nick_301's blog

By nick_301, history, 8 days ago, In English

There is a array of length A. We have to perform B operations. In each operation, we can select a subarray of any length and increase all its elements by 1. All subarrays are equiprobable. Find the expected value of the square of the sum of elements. (mod 1e9+7)

Constraints:

1<=A,B<=1e9

Sample Input 1:

A=2

B=2

There are 9 different order of operations.

  1. (0,0) + (1,1) = 2

  2. (0,0) + (0,0) = 2

  3. (1,1) + (0,0) = 2

  4. (1,1) + (1,1) = 2

  5. (0,1) + (0,0) = 3

  6. (0,1) + (1,1) = 3

  7. (0,0) + (0,1) = 3

  8. (1,1) + (0,1) = 3

  9. (0,1) + (0,1) = 4

Expected Value= [4*(2^2) + 4*(3^2) + (4^2)]/9 = 68/9 (mod 1e9+7) = 555555567

How do I approach this problem?

 
 
 
 
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5 days ago, # |
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Note: I used $$$n$$$ and $$$k$$$ for $$$a$$$ and $$$b$$$ respectively. I also assumed based on the example that the array starts out with all zeroes.

If $$$A(n,k)$$$ is the answer for the input $$$n,k$$$,

$$$A(n,k) = k\cdot E_2(n) + k(k-1)(E_1(n))^2$$$

where

$$$E_2(n) = \frac{(n+1)(n+2)}{6} \text{ and } E_1(n) = \frac{n+2}{3}.$$$

In an operation, a subarray of length $l$ is chosen from an array of size $$$n$$$. $$$E_1(n)$$$ denotes the expected value of $$$l$$$ and $$$E_2(n)$$$ denotes the expected value of $$$l^2$$$.

Claim: $$$A(n,k) = k\cdot E_2(n) + k(k-1)(E_1(n))^2$$$

Proof:

Claim: $$$E_1(n) = \frac{n+2}{3}$$$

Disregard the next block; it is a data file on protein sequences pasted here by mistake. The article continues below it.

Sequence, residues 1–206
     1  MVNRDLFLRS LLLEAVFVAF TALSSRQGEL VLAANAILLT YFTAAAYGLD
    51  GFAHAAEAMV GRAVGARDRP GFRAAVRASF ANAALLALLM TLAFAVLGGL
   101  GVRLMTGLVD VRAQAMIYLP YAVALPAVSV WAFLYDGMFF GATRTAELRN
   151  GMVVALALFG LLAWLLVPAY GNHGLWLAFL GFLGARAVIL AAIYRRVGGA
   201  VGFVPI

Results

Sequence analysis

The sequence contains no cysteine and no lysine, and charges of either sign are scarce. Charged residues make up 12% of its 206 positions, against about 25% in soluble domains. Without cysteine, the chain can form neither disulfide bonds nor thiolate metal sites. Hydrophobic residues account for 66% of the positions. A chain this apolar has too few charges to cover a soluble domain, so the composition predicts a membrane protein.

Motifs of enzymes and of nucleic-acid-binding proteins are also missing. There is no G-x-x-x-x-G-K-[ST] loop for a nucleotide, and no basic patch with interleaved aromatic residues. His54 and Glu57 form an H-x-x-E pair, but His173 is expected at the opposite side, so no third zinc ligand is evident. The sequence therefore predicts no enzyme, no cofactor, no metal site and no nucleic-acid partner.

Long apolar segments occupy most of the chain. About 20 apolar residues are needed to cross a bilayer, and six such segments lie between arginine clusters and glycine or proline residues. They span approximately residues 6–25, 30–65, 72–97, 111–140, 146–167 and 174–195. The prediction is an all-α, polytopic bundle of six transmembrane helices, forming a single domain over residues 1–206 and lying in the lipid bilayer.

Proof:

Claim: $$$E_2(n) = \frac{(n+1)(n+2)}{6}$$$

Proof:
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    5 days ago, # ^ |
      Vote: I like it +18 Vote: I do not like it

    Thank you so much.

    You have explained it so well here.

    Could you suggest some similiar problems or articles where I could practice?

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      3 days ago, # ^ |
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      Here are two tutorials by Errichto that I found pretty helpful, Part 1 and Part 2. They also have problems to help practice the techniques.

      Some problems that I can remember off the top of my head that use expected value are these:

      GR 10 HThis solution in my opinion is more intuitive and easier to understand than the official one.

      Merge CardsO(n) solution by Errichto

      Edu 57 F

      There are also some nice resources out there like this one that aren't all expected value problems but in my opinion, help to build an intuitiveness that can help solve expected value problems.

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        3 days ago, # ^ |
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        I will go through them. Thank you again.